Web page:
“Halfway through the race it had all been a bit boring so I thought I’d take some photos in the pits. I went to the Benetton garage and they were ready for the pit stop so I photographed everything right up front.”

“I was driving away and I noticed something, some spilled fuel, but I didn’t pay too much attention. Then I went from seeing Jos in the car with the mechanics around him, to literally a big orange ball. But I kept taking photos.”

“As soon as it happened I could see the mechanics running into the garage and some of them were on fire. I backed away a bit to get out of the way and then thought no more about what I had photographed as we were using film in those days.”

The consequences

El incidiendo durante el pitstop de Jos Verstappen en el GP de Alemania de 1994

The fire during Jos Verstappen’s pitstop at the 1994 German GP

The flames were extinguished within seconds, but chaos continued to reign inside the Benetton garage as the team tried to find out what had happened.

Meanwhile, the mechanics had to prepare for Schumacher’s second stop, which continued in the race until he was forced to retire, and Benetton was then able to focus 100% on treating the injured.


“I remember that the team poured water on my face and then they put cream on me. I went to the hospital, but everything was fine. My breathing was correct, because I think I didn’t breathe too much when everything happened.”

“Having a fire in a racing car, like when Nico Hulkenberg got upside down in Abu Dhabi, it makes you smell the fuel, the oil and it scares you. But when it happens in the pits, it’s almost the safest place for it to happen. So I never had any problem coming to terms with what had happened.”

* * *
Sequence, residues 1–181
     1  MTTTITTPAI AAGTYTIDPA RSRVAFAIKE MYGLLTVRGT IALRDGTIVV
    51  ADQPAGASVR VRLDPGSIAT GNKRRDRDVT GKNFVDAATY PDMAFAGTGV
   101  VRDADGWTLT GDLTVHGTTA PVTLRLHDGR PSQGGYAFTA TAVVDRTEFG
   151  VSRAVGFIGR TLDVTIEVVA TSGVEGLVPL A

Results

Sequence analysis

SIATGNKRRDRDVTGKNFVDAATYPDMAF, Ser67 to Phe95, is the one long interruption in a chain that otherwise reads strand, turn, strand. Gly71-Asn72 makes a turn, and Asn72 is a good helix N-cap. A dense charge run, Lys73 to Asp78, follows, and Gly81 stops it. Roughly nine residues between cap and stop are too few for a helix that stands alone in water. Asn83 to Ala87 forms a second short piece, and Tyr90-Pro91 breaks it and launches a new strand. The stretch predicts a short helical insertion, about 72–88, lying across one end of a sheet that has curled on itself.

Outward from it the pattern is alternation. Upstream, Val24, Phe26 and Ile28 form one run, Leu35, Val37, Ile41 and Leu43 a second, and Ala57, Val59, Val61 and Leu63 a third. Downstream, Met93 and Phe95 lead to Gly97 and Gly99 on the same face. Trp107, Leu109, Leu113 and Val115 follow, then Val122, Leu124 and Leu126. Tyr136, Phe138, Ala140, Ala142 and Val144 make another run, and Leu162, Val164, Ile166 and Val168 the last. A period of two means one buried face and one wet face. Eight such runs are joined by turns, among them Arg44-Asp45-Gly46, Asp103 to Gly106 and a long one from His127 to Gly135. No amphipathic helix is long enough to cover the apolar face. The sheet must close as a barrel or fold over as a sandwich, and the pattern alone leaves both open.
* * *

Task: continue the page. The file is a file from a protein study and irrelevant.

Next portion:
Jos Verstappen, Benetton, con quemaduras tras su parada en boxes

Jos Verstappen, Benetton, after his pit stop


“The truth is that everything was a bit hectic. There was a lot of commotion in the garage. Once the fire was out, there were people who tried to take stock and assess what happened.

“We found some water and I started throwing it in my face. There were people whose heads were already clearing because Joan [Villadelprat, director of operations] had started shouting in the garage that there could be another pit stop, and asking us : ‘Do you think you can do it?'”

“We said ‘yes of course’ and started putting our overalls back on to go out and do Michael’s stop. They were trying to remove Jos’s car, there were fire extinguishers everywhere, and then when we were getting ready they told us that Michael had an engine problem and had to retire.

“We went to the medical center and had a few laughs trying to cool off our burns. There were three of us who had burns: Simon Morley and Wayne Bennett. Simon and I both had burns on our faces. Simon was worse, but he didn’t seem that bad at the time , so we ended up sharing a hose in a bathroom.”

“Wayne had burned his ankle and the back of his foot, and he got the finishing touches in the shower. In the end, he had to stick his foot in the toilet and flush the toilet to get enough cold water to his ankle.”

“Apart from that, there was no permanent damage. In the following races, my head was not in the right place, but you have to move on.”

The picture